The region they passed through is desert & after a week, they ran out of water.
11 But Jehoshaphat said, “Is there no prophet of the Lord here, that we may inquire of the Lord by him?” So one of the servants of the king of Israel answered and said, “Elisha the son of Shaphat is here, who poured water on the hands of Elijah.” 12 And Jehoshaphat said, “The word of the Lord is with him.” So the king of Israel and Jehoshaphat and the king of Edom went down to him.
Years before when Jehoshaphat had joined Ahab in his campaign against the Syrians, he did the same thing – he asked for a prophet to counsel them on whether or not God was with them.
He wanted to know: Was this a venture of faith or presumption?
It turns out that Elijah’s replacement Elisha was along on the march.
13 Then Elisha said to the king of Israel, “What have I to do with you? Go to the prophets of your father and the prophets of your mother.” But the king of Israel said to him, “No, for the Lord has called these 3 kings together to deliver them into the hand of Moab.”
Elisha told Jehoram he had nothing to say to him.
If the king wanted to know something let him take it to the false prophets of his parents.
Wait a minute - hadn’t Jehoram removed the idols of Baal & Asherah?
Yes, but as was their habit, their priests & prophets had simply followed the winds of political fortune & conveniently converted to become the priests & prophets of the Golden Calf.
Notice that Jehoram used Yahweh’s name here, as though the god he honored was Elisha’s.
How typical for the nominally religious!
They claim to believe in God, but the God they believe in is one of their own imagination.
He’s a deity who exists to facilitate what they want.
They make their grand plans & launch out & when it all goes south, they blame God for their misfortune.
Can I share a frustration with you? As a pastor for a few years now, I’ve talked to a lot of people who’ve endured a personal set back or loss.
They’re not members, but they visited once or twice sometime in the past.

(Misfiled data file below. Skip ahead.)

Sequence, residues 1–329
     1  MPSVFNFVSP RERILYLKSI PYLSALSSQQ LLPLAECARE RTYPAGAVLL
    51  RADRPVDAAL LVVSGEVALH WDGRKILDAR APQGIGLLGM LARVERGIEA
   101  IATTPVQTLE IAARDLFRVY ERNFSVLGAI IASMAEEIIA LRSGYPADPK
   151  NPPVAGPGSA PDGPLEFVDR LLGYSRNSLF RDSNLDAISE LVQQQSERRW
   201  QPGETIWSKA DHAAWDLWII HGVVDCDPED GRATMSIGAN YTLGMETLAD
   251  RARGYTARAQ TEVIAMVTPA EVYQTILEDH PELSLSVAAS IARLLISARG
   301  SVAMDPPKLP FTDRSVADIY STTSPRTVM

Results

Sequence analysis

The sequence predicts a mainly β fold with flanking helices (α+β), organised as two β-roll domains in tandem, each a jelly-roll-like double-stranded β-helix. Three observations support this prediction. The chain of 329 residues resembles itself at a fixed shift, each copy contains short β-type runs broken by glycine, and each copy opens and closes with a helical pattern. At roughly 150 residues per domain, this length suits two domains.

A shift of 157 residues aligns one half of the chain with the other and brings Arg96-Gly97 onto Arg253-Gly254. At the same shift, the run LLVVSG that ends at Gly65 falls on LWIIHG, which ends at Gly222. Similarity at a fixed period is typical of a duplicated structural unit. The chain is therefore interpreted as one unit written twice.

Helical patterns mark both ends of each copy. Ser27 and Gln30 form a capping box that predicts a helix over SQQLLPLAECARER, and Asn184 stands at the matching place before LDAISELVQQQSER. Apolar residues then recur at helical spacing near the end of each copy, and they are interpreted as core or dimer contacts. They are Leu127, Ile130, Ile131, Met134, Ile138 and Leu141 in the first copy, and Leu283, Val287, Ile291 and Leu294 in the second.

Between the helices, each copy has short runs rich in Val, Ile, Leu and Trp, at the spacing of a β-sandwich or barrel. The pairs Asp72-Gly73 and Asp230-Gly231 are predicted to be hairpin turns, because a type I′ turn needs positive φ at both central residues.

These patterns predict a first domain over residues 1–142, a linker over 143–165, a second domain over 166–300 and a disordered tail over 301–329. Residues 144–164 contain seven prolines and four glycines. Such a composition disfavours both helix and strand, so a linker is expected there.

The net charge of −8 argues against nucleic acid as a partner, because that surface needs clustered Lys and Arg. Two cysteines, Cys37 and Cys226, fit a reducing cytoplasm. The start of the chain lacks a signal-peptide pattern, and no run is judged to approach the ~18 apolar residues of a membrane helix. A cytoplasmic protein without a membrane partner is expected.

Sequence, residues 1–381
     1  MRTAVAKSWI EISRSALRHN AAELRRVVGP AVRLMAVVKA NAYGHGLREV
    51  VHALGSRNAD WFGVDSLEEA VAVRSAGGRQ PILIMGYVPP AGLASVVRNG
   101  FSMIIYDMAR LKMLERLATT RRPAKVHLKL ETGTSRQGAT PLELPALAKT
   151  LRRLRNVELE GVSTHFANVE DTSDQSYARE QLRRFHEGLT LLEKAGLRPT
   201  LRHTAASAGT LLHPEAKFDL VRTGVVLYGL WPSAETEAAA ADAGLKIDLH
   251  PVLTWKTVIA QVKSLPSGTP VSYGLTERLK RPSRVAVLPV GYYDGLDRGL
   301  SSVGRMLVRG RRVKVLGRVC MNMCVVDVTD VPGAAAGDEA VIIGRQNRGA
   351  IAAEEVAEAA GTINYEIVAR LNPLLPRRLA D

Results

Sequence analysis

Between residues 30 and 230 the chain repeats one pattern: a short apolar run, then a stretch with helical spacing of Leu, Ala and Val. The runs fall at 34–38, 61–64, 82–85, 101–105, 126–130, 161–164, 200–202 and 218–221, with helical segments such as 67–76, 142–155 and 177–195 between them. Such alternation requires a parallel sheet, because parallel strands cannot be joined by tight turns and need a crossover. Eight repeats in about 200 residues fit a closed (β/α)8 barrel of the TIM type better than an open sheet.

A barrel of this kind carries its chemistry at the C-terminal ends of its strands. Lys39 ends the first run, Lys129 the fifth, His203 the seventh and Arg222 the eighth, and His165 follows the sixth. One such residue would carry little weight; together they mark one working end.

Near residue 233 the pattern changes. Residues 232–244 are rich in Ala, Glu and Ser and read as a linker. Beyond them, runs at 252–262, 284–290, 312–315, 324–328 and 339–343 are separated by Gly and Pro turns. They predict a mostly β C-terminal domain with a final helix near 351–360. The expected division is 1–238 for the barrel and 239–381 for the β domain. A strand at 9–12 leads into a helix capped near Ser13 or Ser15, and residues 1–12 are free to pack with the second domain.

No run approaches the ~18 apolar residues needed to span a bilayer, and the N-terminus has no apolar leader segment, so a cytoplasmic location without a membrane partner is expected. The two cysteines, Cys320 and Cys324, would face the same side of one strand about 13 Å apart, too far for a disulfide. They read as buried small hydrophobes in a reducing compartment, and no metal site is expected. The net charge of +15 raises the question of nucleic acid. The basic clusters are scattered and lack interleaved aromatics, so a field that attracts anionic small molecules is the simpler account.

This is the only church they really know, so they call asking for counsel to deal with their sorrow.
Many of these people express their anger at God for allowing this to happen to them, whatever it is.
Now, I try my best to help them find comfort in a renewed faith in God, but I have to admit inwardly it really bothers me that people who have shown not an ounce of interest in God, in following Him suddenly want to blame Him for what’s happened.
It just seems like the height of hypocrisy to me.
They blame Him for their grief because they want Him to be in control of everything, except them! They want to be free, but want God to take care of everything & everyone else.
14 And Elisha said, “As the Lord of hosts lives, before whom I stand, surely were it not that I regard the presence of Jehoshaphat king of Judah, I would not look at you, nor see you. 15 But now bring me a musician.” Then it happened, when the musician played, that the hand of the Lord came upon him.
Why Elisha called for a musician is not made clear, but I wonder if it wasn’t to calm him after the outrage Jehoram’s words caused.
Music is a powerful medium in touching the emotions.
16 And he said, “Thus says the Lord: ‘Make this valley full of ditches.’ 17 For thus says the Lord: ‘You shall not see wind, nor shall you see rain; yet that valley shall be filled with water, so that you, your cattle, and your animals may drink.’ 18 And this is a simple matter in the sight of the Lord; He will also deliver the Moabites into your hand. 19 Also you shall attack every fortified city and every choice city, and shall cut down every good tree, and stop up every spring of water, and ruin every good piece of land with stones.”
Elisha foretells both abundance of water & victory over Moab.
20 Now it happened in the morning, when the grain offering was offered, that suddenly water came by way of Edom, and the land was filled with water.
Drenching rains in the highlands of Edom to the south sent streams of water racing through the wadis of the plain where the army was camped.